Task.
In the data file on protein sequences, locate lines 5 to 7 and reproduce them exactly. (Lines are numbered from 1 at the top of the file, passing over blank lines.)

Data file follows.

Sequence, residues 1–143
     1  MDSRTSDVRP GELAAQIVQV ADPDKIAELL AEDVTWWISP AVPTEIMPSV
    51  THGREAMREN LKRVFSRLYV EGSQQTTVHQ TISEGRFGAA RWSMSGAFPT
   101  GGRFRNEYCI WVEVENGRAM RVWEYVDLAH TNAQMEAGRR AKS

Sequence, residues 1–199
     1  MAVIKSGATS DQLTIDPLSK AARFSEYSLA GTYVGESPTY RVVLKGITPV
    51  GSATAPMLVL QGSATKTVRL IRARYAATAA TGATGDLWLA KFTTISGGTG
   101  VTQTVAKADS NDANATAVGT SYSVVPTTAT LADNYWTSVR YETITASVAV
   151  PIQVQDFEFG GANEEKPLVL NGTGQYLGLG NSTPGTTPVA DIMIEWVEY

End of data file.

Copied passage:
Sequence, residues 1–199
     1  MAVIKSGATS DQLTIDPLSK AARFSEYSLA GTYVGESPTY RVVLKGITPV
    51  GSATAPMLVL QGSATKTVRL IRARYAATAA TGATGDLWLA KFTTISGGTG